Get the Shotgun, Ma. I’ve Got Yard Work to Do.

This is war. I’ll call in a company of mercenaries if I have to – whatever it takes to win. One thing I’m not willing to do is surrender to these little tyrants. I don’t care what it takes, I will defeat them, even if I have to blow them up one at a time.

I suppose that there are some folks who will say it’s a silly thing to be upset about. After all, it’s not like my front lawn is a golf green. If it weren’t for the weeds, there would be a lot of bare spots. Still, it’s the principle of the thing – we’re struggling over yard dominance, and I can’t afford to compromise.

What could possibly cause such strong emotions? What could possibly motivate someone like me to declare war? I can sum it up in one simple word – Dandelions.

I worked myself silly out there last Saturday. I mowed, I trimmed, and I edged. I raked, I nitpicked, and I finally had my front lawn looking almost civilized. It was a long, hot, sweaty job, but it was worth it – the front lawn looked better than I’d ever seen it. Then, Sunday morning arrived, and we stepped out our garage door on our way to church, intending to pause and admire my handiwork. Instead, I almost shrieked. There they were, peppering my lawn with their bright yellow blooms, extending a good four to six inches above the freshly mown lawn. They were everywhere, and they made my lawn look ragged and shabby, as though it hadn’t been mowed in weeks.

Where had they come from? Less than 24 hours earlier, I mowed everything down to a uniform height. Where did these blasted intruders come from, and how could I send them back? As I stood there and fumed, I came to realize why so many people surrender to Dandelions in their lawns, and just coexist with these short-lived flowers of spring. They had literally “sprung up overnight.”

As I thought it over, I realized that the Dandelion plants weren’t new additions to our lawn. They’ve been here a while, and were pretty well established. Even though I had mowed, these plants still had a strong hold on my lawn, with deep roots and stubborn disposition. The offending blooms were there the day before, but were low enough and immature enough that my mower had passed them by. Everything looked fine, but these fast-growing weeds did what fast-growing weeds do – they grew fast. As long as the Dandelion plants remain in the yard, the Dandelions will grow – it’s what they do. The only way to get rid of them is to literally rip them out, roots and all. Until I do that Dandelionectomy, they’ll keep trying to take over the yard. In time, they might even succeed.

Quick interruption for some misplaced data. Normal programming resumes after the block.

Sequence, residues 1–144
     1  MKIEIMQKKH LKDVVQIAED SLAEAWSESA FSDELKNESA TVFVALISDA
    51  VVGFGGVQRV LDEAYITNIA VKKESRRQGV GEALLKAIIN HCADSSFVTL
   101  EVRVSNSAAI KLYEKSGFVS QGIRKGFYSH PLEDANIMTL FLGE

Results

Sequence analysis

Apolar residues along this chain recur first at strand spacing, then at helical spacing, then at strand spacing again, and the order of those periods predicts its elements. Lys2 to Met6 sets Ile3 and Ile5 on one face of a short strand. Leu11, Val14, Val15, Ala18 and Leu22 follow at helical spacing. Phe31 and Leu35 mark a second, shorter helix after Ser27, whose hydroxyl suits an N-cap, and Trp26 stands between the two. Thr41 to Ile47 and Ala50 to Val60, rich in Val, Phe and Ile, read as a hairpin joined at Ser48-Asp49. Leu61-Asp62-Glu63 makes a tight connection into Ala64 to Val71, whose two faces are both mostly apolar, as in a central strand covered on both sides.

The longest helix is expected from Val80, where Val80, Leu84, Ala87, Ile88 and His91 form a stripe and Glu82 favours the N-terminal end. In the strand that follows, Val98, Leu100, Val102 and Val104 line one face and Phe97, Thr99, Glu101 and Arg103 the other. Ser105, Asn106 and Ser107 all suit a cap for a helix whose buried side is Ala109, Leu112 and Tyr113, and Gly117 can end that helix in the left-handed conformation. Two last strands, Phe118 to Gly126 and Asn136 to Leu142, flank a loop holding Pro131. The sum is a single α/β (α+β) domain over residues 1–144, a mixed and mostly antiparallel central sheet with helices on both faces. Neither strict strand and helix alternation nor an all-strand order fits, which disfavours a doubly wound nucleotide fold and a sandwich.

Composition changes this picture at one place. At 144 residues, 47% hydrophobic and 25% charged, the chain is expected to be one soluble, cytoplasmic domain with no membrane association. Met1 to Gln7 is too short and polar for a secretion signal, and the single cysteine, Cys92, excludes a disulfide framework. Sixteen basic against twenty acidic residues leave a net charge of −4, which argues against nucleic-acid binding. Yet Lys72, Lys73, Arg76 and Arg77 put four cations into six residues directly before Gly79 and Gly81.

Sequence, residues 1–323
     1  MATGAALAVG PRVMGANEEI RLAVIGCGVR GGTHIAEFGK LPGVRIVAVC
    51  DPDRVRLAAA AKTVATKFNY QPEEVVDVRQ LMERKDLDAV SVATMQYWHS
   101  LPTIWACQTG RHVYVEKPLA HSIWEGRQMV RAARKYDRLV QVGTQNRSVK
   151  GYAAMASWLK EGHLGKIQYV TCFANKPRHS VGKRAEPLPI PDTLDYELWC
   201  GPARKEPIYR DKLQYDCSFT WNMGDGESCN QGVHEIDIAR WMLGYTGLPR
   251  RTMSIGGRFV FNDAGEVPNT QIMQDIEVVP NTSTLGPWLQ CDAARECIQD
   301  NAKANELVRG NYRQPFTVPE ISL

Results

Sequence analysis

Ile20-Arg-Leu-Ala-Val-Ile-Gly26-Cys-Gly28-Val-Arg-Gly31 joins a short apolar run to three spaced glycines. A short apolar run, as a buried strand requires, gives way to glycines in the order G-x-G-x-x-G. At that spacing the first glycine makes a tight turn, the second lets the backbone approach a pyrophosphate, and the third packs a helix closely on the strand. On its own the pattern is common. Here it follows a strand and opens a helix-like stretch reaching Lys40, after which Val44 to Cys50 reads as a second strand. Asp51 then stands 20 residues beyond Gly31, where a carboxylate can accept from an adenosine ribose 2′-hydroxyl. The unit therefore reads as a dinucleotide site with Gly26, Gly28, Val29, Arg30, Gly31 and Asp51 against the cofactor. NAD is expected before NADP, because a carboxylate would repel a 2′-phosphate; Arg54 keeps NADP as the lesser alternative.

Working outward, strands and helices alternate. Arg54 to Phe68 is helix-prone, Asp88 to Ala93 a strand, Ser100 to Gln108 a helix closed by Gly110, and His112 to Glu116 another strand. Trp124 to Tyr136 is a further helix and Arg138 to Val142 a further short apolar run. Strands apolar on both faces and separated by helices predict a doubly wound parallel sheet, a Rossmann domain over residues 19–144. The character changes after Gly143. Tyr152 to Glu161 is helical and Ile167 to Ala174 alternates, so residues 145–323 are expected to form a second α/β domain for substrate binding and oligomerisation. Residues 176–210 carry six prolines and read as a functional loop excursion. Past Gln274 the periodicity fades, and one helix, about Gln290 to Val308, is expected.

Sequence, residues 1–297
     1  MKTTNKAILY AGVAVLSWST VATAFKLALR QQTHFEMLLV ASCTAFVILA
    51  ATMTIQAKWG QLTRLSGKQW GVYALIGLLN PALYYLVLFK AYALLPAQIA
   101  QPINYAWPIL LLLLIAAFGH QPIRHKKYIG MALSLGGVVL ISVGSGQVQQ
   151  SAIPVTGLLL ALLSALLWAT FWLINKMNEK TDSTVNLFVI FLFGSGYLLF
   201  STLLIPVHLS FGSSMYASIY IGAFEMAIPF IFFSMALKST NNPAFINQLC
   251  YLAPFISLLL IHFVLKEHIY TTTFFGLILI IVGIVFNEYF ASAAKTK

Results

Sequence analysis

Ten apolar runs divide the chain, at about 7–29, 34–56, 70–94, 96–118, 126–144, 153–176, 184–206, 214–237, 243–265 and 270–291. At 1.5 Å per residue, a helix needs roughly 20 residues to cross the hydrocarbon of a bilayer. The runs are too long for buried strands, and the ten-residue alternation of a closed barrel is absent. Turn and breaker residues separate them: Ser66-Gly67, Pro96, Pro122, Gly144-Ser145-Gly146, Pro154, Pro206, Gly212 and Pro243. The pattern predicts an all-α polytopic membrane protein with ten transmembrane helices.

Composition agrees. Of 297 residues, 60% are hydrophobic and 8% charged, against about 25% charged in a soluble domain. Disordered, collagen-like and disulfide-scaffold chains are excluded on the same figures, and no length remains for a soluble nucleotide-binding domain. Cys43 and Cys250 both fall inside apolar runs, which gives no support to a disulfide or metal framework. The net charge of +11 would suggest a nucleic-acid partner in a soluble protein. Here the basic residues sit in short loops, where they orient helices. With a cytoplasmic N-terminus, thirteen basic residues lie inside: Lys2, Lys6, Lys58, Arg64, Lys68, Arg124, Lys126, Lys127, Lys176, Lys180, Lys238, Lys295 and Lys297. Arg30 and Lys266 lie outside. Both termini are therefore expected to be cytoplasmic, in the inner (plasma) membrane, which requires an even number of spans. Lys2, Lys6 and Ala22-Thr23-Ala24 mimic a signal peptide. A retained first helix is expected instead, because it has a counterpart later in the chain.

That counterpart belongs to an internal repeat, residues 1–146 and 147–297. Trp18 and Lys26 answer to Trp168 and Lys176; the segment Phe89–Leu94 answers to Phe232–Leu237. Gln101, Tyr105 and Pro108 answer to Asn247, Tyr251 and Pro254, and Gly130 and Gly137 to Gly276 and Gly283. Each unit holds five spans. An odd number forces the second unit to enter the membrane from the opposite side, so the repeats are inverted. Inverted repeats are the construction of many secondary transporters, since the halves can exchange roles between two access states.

But, it won’t be enough to dig up all the Dandelions in my yard. Even if I eliminate them all, my next door neighbor still has a bunch of them, and as long as he does, they’re going to provide seed to keep my lawn Dandelion infested, and they’ll spread faster than gossip in a church gathering.

Got any Dandelions in your life? You know what I mean – those nasty little habits and sins that seem to pop up at all the wrong times. They can even be as subtle as a bad attitude toward a person or situation. Most honest people have to admit to having a Dandelion or two. Like the ones in my yard, cutting them down won’t get rid of them – you have to dig them out by the roots. Also like the ones in my yard, they can spread from person to person, as we gripe and complain about things that didn’t go our way.

Another similarity between those personal Dandelions and the ones in my yard is that it’s easy to just give up and get used to them. In my yard, that would me a yard full of weeds instead of grass. In my heart, it’s pretty much the same thing.

The guy we bought our house from once tried a great new chemical that was supposed to kill Dandelions, and it did just that. It also killed the rest of the lawn, leaving behind nothing but barren mud. In our lawns, as in our hearts, the way to remove those unwanted weeds without killing anything else in the process, is to work on them one at a time, gently extracting them, and then trying to keep the Dandelion seeds from getting in and taking root.

It’s a lot of work, but you and I will have much nicer hearts if we take the time to get the weeds out. And our lawns will look better, too.

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